pike(redirected from coming down the pike)
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A long spear formerly used by infantry.
tr.v. piked, pik·ing, pikes
To attack or pierce with a pike.
[French pique, from Old French, from piquer, to prick; see pique.]
n. pl. pike or pikes
1. A freshwater game and food fish (Esox lucius) of the Northern Hemisphere that has a long snout and attains a length of over 1.2 meters (4 feet). Also called northern pike.
2. Any of various fishes closely related to this fish, such as the muskellunge or the pickerels.
3. Any of various fishes that resemble this fish.
[Middle English, perhaps from Old English pīc, sharp point (from its shape).]
1. A turnpike.
a. A tollgate on a turnpike.
b. A toll paid.
intr.v. piked, pik·ing, pikesIdiom:
To move quickly.
come down the pike Slang
To come into prominence: "a policy ... allowing for little flexibility if an important new singer comes down the pike" (Christian Science Monitor).
[Short for turnpike.]
n. Chiefly British
A hill with a pointed summit.
[Middle English, possibly of Scandinavian origin.]
A spike or sharp point, as on the tip of a spear.
[Middle English, from Old English pīc.]
A mid-air position in sports such as diving and gymnastics in which the athlete bends to touch the feet or grab the calves or back of the thighs while keeping the legs together and straight.
[Probably from pike (from the resemblance of the position to the fish's head ).]
n, pl pike or pikes
1. (Animals) any of several large predatory freshwater teleost fishes of the genus Esox, esp E. lucius (northern pike), having a broad flat snout, strong teeth, and an elongated body covered with small scales: family Esocidae
2. (Animals) any of various similar fishes
[C14: short for pikefish, from Old English pīc point, with reference to the shape of its jaw]
1. (Arms & Armour (excluding Firearms)) a medieval weapon consisting of an iron or steel spearhead joined to a long pole, the pikestaff
2. a point or spike
(tr) to stab or pierce using a pike
[Old English pīc point, of obscure origin]
(Civil Engineering) short for turnpike1
(Physical Geography) dialect Northern English a pointed or conical hill
[Old English pīc, of obscure origin]
(Swimming, Water Sports & Surfing) (of the body position of a diver) bent at the hips but with the legs straight
[C20: of obscure origin]
n., pl. (esp. collectively) pike, (esp. for kinds or species) pikes.
1. any of several large, slender, voracious freshwater fishes of the genus Esox, having a long, flat snout.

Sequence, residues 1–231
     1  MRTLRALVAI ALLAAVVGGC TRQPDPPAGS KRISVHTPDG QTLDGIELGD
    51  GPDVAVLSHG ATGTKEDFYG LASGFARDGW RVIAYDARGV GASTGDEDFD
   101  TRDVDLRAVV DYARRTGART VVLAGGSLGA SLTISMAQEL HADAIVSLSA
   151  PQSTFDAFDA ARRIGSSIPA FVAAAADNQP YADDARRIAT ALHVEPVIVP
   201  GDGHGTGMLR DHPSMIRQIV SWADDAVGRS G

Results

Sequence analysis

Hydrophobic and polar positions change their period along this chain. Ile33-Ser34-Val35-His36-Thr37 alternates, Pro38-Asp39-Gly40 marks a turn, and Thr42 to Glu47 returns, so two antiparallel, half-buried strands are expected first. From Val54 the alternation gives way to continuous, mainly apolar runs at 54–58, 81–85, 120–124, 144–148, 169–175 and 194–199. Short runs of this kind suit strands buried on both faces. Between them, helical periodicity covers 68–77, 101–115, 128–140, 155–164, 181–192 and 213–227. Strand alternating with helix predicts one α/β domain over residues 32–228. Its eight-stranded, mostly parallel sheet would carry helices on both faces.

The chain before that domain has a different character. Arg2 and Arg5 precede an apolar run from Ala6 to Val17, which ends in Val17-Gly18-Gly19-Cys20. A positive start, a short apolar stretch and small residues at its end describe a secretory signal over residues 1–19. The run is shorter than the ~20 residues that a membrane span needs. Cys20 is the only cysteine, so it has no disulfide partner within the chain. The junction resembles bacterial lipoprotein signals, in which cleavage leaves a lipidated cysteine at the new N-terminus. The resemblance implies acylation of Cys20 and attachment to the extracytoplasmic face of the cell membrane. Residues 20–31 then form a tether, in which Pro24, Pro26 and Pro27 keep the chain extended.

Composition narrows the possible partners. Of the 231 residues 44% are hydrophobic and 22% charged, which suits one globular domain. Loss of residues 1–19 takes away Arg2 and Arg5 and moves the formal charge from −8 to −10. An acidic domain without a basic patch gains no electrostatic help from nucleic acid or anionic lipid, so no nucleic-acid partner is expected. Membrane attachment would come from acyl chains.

2. any of various superficially similar fishes, as the walleye or pikeperch.
[1275–1325; Middle English; so called from its pointed snout (see pike5)]
n., v. piked, pik•ing. n.
1. a shafted weapon having a pointed head, formerly used by infantry.v.t.
2. to pierce, wound, or kill with a pike.
1. a toll road or highway; turnpike.
2. a tollgate.
3. the toll paid at a tollgate.
[1820–30, Amer.; short for turnpike]
1. a sharply pointed projection or spike.
2. the pointed end of anything, as of an arrow or a spear.
[before 900; Middle English pik pick, spike, (pilgrim's) staff, Old English pīc pointed tool. See pick2]
a midair position assumed by divers and gymnasts in which the torso and head are bent forward and the legs held together with knees straight.
[1955–60; perhaps identical with pike1]
Zebulon Montgomery, 1779–1813, U.S. general and explorer.
Past participle: piked
Switch to new thesaurus
|Noun||1.||pike - a broad highway designed for high-speed traffic|
autobahn - an expressway in a German-speaking country
autostrada - an expressway in an Italian-speaking country
carriageway - one of the two sides of a motorway where traffic travels in one direction only usually in two or three lanes
|2.||pike - highly valued northern freshwater fish with lean flesh|
pike - any of several elongate long-snouted freshwater game and food fishes widely distributed in cooler parts of the northern hemisphere
freshwater fish - flesh of fish from fresh water used as food
muskellunge - flesh of very large North American pike; a game fish
pickerel - flesh of young or small pike
|3.||pike - a sharp point (as on the end of a spear)|
point - sharp end; "he stuck the point of the knife into a tree"; "he broke the point of his pencil"
|4.||pike - medieval weapon consisting of a spearhead attached to a long pole or pikestaff; superseded by the bayonet|
halberd - a pike fitted with an ax head
partizan, partisan - a pike with a long tapering double-edged blade with lateral projections; 16th and 17th centuries
pikestaff - the staff of a pike
vouge - a kind of pike used by foot soldiers in the 14th century
|5.||pike - any of several elongate long-snouted freshwater game and food fishes widely distributed in cooler parts of the northern hemisphere|
pickerel - any of several North American species of small pike
pike - highly valued northern freshwater fish with lean flesh
سَمَك الكَرَكي، زُنْجور
pike(paik) – plural pike – noun
a large fierce fresh-water fish. varswatersnoek سَمَك الكَرَكي، زُنْجور щука lúcio štika der Hecht gedde λούτσοςlucio haug اردک ماهی hauki brochet זֶאֶב-הַמָים बरछा, भाला štuka csuka nama ikan gedda luccio 川かます 강꼬치고기 lydeka līdaka sejenis ikan air tawar snoekgjeddeszczupak يوراز کب ( ماهى lúcio ştiucă щука šťuka ščuka štuka gädda ปลาน้ำจืดชนิดหนึ่ง turna balığı 梭子魚 щука ايک قسم کي مچھلي cá chó 梭子鱼